Author: Inés Dussel* was one of the contributors to the flagship UNESCO report, "Reimagining our futures together: a new social contract for education" launched yesterday and author of a TTF background paper on “The Futures of Teaching”.
In 2021, humanity is at a critical inflection point. Facing enormous challenges – the climate crisis, radical technological change, democratic instability, the automation of work, and gigantic population shifts – we need, urgently, to create futures that are unlike our pasts. Teachers have a key role to play in this essential effort.
The Futures of Education initiative, launched by UNESCO in November 2019, proposes a new social contract in which education is viewed as a public and common good, which nurtures hope, imagination and action for a common future. The initiative seeks to mobilize ideas and action towards an educational change that can respond to the world’s enormous challenges.
Since the initiative’s launch, the COVID-19 pandemic has intensified the need for change. School closures and the accompanying rush towards remote education have shown that inequality of resources, infrastructure and outcomes persists. They have also given rise to a reconsideration of teachers’ role in fostering student learning and well-being.
As the pandemic has illustrated, conversations about the futures of teaching tend to focus on technological change, but there is much more to teaching than digital transformation. Teaching demands knowledge, competence, care and sensibility. Teachers are central to the mission of education to promote intellectual and affective autonomy, and to make common knowledge public and available to all.
Therefore, the new social contract must centre on teachers. In doing so, it must account for the paradoxes and challenges that teachers face as specialized agents. Teaching is not simply an individualistic endeavour depending solely on personal strengths or weaknesses; it is a heavily contextualized practice, institutionally defined and regulated. These rules and definitions are not consistent: current educational contexts make conflicting demands of teachers, which could impact on teaching’s potential futures. So, conversations about the futures of teaching need to avoid idealized and voluntaristic ideals of teaching and should instead focus on concrete working conditions, institutional support networks, pedagogical demands, and necessary competences and knowledge.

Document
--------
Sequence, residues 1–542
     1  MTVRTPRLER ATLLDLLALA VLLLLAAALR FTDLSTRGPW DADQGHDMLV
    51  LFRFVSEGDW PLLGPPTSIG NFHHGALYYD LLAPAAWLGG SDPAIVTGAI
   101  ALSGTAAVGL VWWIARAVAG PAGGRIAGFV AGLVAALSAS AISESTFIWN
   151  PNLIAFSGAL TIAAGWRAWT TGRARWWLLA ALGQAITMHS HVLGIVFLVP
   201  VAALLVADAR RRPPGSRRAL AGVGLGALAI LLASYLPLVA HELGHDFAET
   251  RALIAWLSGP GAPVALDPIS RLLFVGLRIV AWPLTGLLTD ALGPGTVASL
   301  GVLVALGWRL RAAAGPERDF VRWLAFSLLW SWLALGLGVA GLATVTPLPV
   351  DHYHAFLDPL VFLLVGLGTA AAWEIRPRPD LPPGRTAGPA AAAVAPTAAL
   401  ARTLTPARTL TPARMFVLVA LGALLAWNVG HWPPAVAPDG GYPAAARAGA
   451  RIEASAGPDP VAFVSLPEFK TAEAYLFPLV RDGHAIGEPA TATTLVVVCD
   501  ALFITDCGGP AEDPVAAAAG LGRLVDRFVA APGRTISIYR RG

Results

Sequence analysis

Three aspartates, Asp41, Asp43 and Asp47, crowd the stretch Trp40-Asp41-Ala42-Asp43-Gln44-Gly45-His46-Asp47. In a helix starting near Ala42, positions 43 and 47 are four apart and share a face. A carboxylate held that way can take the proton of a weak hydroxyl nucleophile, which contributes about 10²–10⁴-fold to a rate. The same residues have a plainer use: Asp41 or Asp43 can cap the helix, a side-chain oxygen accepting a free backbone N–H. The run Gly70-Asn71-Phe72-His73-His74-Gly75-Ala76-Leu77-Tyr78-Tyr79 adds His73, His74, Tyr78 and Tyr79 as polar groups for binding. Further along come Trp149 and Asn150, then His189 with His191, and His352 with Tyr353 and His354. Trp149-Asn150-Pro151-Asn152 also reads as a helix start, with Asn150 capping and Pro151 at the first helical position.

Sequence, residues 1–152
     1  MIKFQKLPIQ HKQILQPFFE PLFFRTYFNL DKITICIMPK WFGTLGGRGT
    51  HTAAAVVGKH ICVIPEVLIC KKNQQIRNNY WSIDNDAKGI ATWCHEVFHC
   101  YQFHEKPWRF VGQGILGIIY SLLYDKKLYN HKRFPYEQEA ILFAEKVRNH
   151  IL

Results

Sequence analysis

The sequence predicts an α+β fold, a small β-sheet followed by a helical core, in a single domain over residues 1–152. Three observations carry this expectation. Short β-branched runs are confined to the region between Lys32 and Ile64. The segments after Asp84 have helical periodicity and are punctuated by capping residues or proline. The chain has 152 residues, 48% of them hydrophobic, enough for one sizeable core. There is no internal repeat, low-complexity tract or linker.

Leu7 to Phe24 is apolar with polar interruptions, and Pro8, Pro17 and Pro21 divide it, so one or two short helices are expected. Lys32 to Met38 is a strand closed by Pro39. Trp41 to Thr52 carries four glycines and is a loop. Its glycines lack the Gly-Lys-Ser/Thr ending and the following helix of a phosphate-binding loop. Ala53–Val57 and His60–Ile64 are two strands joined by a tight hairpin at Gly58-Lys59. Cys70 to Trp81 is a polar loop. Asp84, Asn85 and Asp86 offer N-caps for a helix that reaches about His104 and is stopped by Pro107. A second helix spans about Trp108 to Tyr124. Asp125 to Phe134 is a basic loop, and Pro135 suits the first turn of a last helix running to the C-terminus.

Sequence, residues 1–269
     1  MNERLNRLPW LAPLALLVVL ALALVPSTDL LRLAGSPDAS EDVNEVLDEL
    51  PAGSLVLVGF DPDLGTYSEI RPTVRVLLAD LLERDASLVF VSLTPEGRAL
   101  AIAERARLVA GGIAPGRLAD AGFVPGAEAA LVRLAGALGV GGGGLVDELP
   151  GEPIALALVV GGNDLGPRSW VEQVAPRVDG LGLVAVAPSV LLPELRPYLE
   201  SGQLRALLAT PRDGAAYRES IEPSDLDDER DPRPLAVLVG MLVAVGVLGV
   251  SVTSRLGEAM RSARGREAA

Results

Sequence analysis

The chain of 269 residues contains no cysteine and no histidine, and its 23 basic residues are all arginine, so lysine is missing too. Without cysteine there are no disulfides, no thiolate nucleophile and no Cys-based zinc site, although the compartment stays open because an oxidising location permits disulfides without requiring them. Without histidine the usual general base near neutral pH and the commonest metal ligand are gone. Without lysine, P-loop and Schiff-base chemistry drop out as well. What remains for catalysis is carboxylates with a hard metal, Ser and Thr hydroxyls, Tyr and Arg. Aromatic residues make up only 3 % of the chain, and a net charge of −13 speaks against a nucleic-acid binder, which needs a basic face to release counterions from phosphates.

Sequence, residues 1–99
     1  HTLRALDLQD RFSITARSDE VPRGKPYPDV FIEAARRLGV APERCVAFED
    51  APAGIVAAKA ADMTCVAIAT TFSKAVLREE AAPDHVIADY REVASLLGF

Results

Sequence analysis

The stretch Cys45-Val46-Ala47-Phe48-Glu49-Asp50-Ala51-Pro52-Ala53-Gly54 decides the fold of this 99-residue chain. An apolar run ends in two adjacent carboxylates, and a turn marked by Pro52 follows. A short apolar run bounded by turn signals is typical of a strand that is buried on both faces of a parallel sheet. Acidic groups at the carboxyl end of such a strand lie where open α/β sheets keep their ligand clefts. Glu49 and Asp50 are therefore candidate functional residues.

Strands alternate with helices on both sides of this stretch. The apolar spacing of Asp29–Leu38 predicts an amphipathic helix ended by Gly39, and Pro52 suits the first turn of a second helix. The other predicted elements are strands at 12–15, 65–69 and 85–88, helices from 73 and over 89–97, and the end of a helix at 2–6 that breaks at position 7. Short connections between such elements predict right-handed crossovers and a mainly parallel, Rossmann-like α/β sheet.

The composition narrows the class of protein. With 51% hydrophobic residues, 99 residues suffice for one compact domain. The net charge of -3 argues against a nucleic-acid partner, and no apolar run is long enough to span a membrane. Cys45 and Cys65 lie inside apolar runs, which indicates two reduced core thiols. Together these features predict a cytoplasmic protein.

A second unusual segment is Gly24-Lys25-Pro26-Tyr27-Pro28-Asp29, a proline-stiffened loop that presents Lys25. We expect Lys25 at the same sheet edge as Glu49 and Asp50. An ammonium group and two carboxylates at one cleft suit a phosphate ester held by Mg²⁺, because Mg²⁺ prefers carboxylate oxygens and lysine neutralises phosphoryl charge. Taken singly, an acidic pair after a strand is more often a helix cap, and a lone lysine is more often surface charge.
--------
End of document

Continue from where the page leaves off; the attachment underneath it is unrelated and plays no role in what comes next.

The clash between conflicting requirements cannot be resolved by individual teachers, nor can it be bridged solely by improving teaching strategies or promoting digital inclusivity. It must be addressed institutionally and through public policies that set regulations to protect and care for a common future.
The think piece, The futures of teaching, discusses some of the paradoxes and conflicting demands teachers face:
- Inclusive educational policies may be insufficiently supported and rely excessively on individual teachers’ actions and responsibility.
- Openness to the involvement of communities and families in teaching can give rise to different and even incompatible priorities.
- New educational ideals such as student-centred pedagogies cannot always be accommodated in current working conditions.
- An increase in regulations, along with new pedagogical frameworks, may overburden teachers by placing too many demands on performance.
- Digital transformation opens up new possibilities but also involves new risks, such as the massive delegation and reduction of knowledge into gigantic platforms that manage data.
- The ecological crisis necessitates promoting a collective consciousness of the planet that actively cares for the diversity of life, but policies aim to maintain business as usual.
- In all these tensions and demands, the gendered nature of teachers’ work needs to be taken into account, since it affects the organization of work time, tasks and burdens.